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The Two Equalities

There are in the world today two mutually exclusive definitions of human equality: American and Marxist; with American as equality before law, and Marxist as equality of material property and other measures of outcome.

American equality means that all individuals are equal before just law instituted among men to secure their sacred rights to life, liberty and private property honestly earned - part of an individual's pursuit of happiness. Marxist equality means that some individuals and classes are higher before law than others; an arbitrary and unjust legal inequality which brings equality of property to certain individuals based on their special class designation without regard to creativity and labor. Social engineering of the Marxist sort relies on un-Constitutional government appropriation (theft) and redistribution of private property and private businesses (means of production).

Marxist government must unjustly steal property from some (Productive, State-supporting entrepreneurs and middle class) in order to unjustly equalize property with others (Non-productive, State-supported intellectuals and proletariat class).

"The proletariat will use its political supremacy to wrest, by degree, all capital from the bourgeoisie (middle class), to centralize all instruments of production in the hands of the state (for redistribution to the proletariat class)... Of course, in the beginning, this cannot be effected except by means of despotic inroads on the rights of property"  Karl Marx

Jean Jacques Rousseau and Gracchus Babeuf (philosophers of the French Revolution) preceded Karl Marx in embracing property equality rather than legal equality.

"You are undone if you once forget that the fruits of the earth belong to us all, and the earth itself to nobody."  Jean Jacques Rousseau

"We claim to live and die equal, the way we were born: we want this real equality or death; that's what we need. And we'll have this real equality, at whatever price. Unhappy will be those who stand between it and us!...We need not only that equality of rights written into the Declaration of the Rights of Man and Citizen; we want it in our midst, under the roofs of our houses... The French Revolution was nothing but a precursor of another revolution, one that will be bigger, more solemn, and which will be the last."  Gracchus Babeuf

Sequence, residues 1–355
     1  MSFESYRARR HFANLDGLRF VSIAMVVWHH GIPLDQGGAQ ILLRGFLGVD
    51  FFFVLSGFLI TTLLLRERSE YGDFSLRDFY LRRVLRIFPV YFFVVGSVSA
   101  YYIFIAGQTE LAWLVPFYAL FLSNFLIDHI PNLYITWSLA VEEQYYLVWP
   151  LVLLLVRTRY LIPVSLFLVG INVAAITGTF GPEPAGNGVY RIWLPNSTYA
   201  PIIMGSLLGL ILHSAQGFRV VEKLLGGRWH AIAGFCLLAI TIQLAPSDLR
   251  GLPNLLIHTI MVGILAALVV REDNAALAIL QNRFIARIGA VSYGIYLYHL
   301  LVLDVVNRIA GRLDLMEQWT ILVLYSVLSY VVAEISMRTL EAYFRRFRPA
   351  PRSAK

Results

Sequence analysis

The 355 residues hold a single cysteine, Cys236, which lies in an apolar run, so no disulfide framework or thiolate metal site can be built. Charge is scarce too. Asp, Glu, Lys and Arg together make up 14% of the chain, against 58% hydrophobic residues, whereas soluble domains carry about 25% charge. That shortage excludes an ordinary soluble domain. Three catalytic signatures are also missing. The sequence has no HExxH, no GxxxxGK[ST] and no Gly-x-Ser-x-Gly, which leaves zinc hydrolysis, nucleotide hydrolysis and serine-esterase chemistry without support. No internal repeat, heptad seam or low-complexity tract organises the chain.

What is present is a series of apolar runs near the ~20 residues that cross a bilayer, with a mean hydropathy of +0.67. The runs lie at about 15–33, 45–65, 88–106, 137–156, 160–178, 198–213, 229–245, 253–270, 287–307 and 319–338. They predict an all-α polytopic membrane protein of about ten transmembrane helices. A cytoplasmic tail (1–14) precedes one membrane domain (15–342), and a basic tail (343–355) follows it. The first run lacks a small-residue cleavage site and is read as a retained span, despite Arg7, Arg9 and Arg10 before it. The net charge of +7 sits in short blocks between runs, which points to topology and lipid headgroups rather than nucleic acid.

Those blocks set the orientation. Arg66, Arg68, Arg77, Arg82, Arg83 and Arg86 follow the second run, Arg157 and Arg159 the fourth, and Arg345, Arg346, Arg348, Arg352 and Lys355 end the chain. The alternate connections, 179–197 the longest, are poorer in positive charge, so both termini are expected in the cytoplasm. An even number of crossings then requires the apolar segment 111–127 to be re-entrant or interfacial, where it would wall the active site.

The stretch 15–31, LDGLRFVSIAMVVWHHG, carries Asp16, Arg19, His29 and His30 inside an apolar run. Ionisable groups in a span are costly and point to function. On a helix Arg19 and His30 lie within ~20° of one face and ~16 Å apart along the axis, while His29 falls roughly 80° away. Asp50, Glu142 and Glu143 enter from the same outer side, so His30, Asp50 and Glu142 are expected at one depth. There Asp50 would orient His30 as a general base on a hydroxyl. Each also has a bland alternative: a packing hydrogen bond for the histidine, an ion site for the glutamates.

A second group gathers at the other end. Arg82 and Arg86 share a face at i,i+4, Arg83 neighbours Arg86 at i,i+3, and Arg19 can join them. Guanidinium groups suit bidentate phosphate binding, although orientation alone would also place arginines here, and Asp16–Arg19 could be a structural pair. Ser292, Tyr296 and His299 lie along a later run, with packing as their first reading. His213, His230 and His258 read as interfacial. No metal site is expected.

Even though Karl Marx was yet unborn, our Founding Fathers anticipated his irrational thinking; and they decided on government enforced natural individual equality before law with associated natural individual inequality of outcomes rather than unnatural government enforced equal outcomes with associated unnatural inequality before law.

"Bear in mind this sacred principle, that though the will of the majority is in all cases to prevail, that will, to be rightful, must be reasonable; that the minority possess their equal rights, which equal laws must protect..."   Thomas Jefferson1st Inaugural, 1801

The French and Communist revolutions stand in direct contradiction to our American Revolution, and the enlightenment philosopher John Locke.

"The state of nature has a law of nature to govern it, which obliges every one: and reason, which is that law, teaches all mankind, who will but consult it, that being all equal and independent, no one ought to harm another in his life, health, liberty, or possessions: for men being all the workmanship of one omnipotent, and infinitely wise maker; all the servants of one sovereign master, sent into the world by his order, and about his business; they are his property, whose workmanship they are, made to last during his, not one another's pleasure: and being furnished with like faculties, sharing all in one community of nature, there cannot be supposed any such subordination among us, that may authorize us to destroy one another, as if we were made for one another's uses, as the inferior ranks of creatures are for ours."  John Locke